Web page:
After Cryin’ Charlie Copeland filed his laughable complaint against the Stephanie Hansen campaign and First State Strong PAC, alleging without any evidence whatsoever that they were improperly colluding, the Delaware AFL-CIO union filed a similar complaint claiming that Greg Lavelle’s First State First PAC was colluding with the John Marino campaign.
Jim Maravelias, president of the Delaware AFL-CIO union, claimed that FirstStateFirst broke those rules. He pointed out that the PAC’s treasurer, state Sen. Greg Lavelle, R-Sharpley, also works closely with the campaign, soliciting donations for both the PAC and Marino at his home address. Lavelle never denied coordinating FirstStateFirst with the Marino campaign, but argued the ads his PAC created did not constitute “express advocacy,” so he was not breaking any rules.
Earlier this month, Elections Commissioner Elaine Manlove denied Copeland’s complaint because while their was express advocacy by the PAC, there was no evidence of improper coordination. This time, Manlove finds the opposite, that there was coordination, but not express advocacy. Which I find curious. Unless “express advocacy” boils down to the same “magic words” jurisprudence on the federal level as a result of the Supreme Court’s Buckley v. Valeo ruling. Under the Buckley ruling, speakers that did not invoke any of the eight specific words and phrases of Buckley, or similar language expressly calling voters to vote for or against a candidate, were exempt from campaign finance laws. The eight words and phrases appearing in Buckley were “vote for,” “elect,” “support”, “cast your ballot for”, “Smith for Congress”, “vote against”, “defeat”, “reject”, or any variations thereof.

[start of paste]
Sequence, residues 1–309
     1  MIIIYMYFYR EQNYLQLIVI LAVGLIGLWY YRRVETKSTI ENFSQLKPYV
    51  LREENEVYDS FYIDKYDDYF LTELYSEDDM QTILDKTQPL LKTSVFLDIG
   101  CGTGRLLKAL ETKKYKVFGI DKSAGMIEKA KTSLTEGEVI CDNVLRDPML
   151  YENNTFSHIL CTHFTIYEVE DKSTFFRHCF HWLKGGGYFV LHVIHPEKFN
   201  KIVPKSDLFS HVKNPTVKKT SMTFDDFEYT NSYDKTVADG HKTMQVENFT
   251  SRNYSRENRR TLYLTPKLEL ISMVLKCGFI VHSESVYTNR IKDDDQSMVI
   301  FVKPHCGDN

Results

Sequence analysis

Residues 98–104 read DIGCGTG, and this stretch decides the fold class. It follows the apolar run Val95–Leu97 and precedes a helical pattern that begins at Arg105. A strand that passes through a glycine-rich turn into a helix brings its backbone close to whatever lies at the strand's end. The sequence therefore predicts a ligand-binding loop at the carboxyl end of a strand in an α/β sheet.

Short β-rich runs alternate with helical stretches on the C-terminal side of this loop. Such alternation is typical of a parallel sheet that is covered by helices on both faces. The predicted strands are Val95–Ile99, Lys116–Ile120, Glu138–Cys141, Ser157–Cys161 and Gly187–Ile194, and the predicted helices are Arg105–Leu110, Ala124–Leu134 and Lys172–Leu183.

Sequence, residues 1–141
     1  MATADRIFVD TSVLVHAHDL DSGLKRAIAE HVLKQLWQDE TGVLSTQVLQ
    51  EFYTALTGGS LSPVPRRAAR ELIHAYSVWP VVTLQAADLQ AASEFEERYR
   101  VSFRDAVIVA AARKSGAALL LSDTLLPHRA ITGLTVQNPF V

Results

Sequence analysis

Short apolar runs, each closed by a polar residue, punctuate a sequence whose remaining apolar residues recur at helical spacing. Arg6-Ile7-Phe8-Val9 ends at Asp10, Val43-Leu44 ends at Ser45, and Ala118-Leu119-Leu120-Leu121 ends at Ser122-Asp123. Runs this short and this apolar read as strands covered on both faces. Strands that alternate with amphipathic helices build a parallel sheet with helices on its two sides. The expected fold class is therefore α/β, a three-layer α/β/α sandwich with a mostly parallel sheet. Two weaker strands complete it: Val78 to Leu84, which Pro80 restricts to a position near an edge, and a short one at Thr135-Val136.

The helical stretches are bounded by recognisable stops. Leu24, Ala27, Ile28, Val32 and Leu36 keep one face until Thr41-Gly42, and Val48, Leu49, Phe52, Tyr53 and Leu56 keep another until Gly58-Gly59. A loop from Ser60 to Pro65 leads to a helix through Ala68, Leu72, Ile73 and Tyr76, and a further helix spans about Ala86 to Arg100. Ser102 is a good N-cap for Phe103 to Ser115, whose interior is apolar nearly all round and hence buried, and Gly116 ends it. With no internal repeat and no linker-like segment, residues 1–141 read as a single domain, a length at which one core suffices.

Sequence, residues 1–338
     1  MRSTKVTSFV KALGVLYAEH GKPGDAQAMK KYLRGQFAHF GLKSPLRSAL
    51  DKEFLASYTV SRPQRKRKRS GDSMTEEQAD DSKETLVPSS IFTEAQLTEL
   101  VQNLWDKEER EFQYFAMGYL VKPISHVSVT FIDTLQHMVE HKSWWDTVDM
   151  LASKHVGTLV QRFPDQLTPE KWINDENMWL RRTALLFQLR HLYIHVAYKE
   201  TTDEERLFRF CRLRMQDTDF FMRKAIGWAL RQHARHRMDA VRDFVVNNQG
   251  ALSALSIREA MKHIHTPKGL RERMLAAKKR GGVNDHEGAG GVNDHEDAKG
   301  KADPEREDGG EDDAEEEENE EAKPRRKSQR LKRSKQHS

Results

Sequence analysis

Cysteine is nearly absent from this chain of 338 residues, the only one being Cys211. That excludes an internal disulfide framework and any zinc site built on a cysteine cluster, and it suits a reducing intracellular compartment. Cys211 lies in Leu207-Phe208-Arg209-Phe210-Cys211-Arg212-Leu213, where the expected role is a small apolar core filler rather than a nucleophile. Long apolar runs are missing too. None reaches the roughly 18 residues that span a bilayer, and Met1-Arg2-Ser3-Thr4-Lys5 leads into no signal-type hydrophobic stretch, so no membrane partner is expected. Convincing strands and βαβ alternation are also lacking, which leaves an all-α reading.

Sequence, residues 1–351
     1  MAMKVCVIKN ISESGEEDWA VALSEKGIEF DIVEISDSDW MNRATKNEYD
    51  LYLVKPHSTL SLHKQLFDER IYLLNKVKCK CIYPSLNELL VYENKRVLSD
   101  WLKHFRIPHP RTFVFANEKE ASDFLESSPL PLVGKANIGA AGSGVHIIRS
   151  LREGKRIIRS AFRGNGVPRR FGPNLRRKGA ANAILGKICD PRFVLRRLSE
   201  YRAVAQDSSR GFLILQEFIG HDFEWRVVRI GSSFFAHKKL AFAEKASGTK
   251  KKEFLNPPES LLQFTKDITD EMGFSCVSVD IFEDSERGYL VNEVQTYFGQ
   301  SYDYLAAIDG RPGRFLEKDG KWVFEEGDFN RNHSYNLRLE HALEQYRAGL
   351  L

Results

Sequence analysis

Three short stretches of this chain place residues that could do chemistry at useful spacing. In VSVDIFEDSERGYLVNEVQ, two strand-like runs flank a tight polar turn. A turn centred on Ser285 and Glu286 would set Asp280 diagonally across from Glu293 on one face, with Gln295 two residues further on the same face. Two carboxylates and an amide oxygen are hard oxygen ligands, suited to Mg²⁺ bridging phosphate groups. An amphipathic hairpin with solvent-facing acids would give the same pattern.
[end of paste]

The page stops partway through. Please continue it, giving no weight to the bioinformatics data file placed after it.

“The materials produced by the FirstStateFirst PAC do not expressly advocate for the election or defeat of a given candidate,” Manlove wrote in her response. “Rather, the materials address a variety of issues, which may or may not be important to voters.”
Now, I personally don’t care. The AFL-CIO complaint was bullshit just as Copeland’s complaint was bullshit. Why? Because we really don’t have any meaningful campaign finance laws anymore, not since the Citizens United decision. Until you reverse that, anything and everything goes.
What I want to see end is the hypocritical complaining about campaign finance from Republicans. If Lavelle is so upset, he should introduce a bill this very instant to address it. He has not.
I do think that having all of the money going to the same place — for the PAC and campaign — would count for advocacy and coordination. I mean, if money is speech and you are directing that bit of advocacy, then it should count.
Still — the two part test for this seems as though it was specifically meant to provide some wiggle room for both parties on this PAC business. Too bad neither one of them will fix it.